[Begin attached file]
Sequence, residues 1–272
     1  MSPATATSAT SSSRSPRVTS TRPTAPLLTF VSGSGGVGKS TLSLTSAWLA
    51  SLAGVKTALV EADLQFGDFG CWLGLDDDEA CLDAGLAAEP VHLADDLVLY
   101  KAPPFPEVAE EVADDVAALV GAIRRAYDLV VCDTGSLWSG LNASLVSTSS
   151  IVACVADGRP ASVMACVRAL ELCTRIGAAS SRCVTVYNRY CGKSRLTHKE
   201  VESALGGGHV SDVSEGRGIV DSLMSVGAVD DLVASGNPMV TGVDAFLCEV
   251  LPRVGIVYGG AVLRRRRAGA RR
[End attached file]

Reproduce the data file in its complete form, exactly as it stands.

Sequence, residues 1–272
     1  MSPATATSAT SSSRSPRVTS TRPTAPLLTF VSGSGGVGKS TLSLTSAWLA
    51  SLAGVKTALV EADLQFGDFG CWLGLDDDEA CLDAGLAAEP VHLADDLVLY
   101  KAPPFPEVAE EVADDVAALV GAIRRAYDLV VCDTGSLWSG LNASLVSTSS
   151  IVACVADGRP ASVMACVRAL ELCTRIGAAS SRCVTVYNRY CGKSRLTHKE
   201  VESALGGGHV SDVSEGRGIV DSLMSVGAVD DLVASGNPMV TGVDAFLCEV
   251  LPRVGIVYGG AVLRRRRAGA RR